After being dropped off at the small craft harbour, we hurried across to have a closer look and prepare for our visit which had been ably organised by Rudi. Soon we were on board the “love boats” sister and in for quite a surprise. The ship is reasonably plain, obviously comfortable but slightly different to what we are used to over here. There is a strong American influence on board with much of the show type lounge effect in the public rooms. Her upper decks are quite nice except for the AstroTurf which was 2 inches under water above the Lido area. Alas for the poor passengers, our tummy rumblings were too much and Rudi persuaded the chief steward that he needed to feed us! The omelettes and waffles went down great! Incidentally, the coffee had to have been the strongest that I had ever tasted! After a thorough look around the ship we had to disembark and we quickly popped into visit the Port Captain and obtain our permit for a visit to the Port Signal Station.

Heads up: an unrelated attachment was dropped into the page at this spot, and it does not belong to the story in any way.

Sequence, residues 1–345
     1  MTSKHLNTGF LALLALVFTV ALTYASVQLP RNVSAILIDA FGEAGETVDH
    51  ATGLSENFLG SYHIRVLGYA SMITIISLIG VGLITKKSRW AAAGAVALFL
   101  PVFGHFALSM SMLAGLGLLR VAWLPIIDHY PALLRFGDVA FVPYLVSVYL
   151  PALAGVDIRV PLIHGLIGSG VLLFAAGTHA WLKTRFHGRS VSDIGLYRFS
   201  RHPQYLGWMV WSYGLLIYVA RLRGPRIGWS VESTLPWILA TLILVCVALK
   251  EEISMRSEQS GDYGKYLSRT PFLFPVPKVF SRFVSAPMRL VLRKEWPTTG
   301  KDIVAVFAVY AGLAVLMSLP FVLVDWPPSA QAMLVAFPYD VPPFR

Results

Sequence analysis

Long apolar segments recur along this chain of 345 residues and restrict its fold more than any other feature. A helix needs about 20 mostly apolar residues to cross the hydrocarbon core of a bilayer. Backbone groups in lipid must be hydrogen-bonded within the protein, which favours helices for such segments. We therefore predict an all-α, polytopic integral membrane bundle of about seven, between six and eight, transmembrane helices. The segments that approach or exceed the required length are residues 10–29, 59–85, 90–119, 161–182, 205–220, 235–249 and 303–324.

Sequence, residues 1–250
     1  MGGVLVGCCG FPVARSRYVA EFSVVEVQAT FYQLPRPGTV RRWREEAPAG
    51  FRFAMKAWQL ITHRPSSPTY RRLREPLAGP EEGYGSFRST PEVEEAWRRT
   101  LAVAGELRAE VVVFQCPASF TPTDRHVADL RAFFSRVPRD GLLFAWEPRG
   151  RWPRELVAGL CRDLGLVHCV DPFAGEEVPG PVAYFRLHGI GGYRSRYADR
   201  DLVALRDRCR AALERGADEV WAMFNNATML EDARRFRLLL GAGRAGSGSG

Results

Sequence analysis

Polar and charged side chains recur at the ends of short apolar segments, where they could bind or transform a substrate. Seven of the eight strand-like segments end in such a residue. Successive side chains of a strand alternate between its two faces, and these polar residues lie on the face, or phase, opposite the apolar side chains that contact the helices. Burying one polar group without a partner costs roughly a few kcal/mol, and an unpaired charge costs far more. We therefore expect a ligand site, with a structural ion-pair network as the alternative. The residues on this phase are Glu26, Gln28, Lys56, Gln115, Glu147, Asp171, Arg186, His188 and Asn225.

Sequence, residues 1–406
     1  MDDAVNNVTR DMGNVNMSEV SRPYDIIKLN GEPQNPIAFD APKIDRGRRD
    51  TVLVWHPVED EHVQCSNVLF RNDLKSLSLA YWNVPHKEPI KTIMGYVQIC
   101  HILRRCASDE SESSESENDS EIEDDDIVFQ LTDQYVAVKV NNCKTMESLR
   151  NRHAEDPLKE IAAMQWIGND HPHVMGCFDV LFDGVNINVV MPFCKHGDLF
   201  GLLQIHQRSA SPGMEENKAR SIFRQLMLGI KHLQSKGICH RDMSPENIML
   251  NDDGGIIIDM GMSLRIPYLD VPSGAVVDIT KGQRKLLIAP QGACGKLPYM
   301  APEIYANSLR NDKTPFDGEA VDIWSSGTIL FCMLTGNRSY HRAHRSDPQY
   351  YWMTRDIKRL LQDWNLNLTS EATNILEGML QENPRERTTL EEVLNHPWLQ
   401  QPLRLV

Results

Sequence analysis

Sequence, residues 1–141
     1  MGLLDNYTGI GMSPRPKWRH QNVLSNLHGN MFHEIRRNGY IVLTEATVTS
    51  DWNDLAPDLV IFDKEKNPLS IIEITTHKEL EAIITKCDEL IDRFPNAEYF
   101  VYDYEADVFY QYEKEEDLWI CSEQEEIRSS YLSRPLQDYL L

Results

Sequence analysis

This we achieved with no quibble at all and soon were were climbing up to one of the more well known and inaccessible landmarks in the harbour. The view, needless to say is stupendous and we spent the next few hours admiring it and talking ships with the guy on duty. From our vantage point we even got to see Island Princess sail!
The next day there was no sign of Rhapsody, she was delayed! Our embarkation was due to start at 12h00 but the ship only arrived at the pilot station shortly before.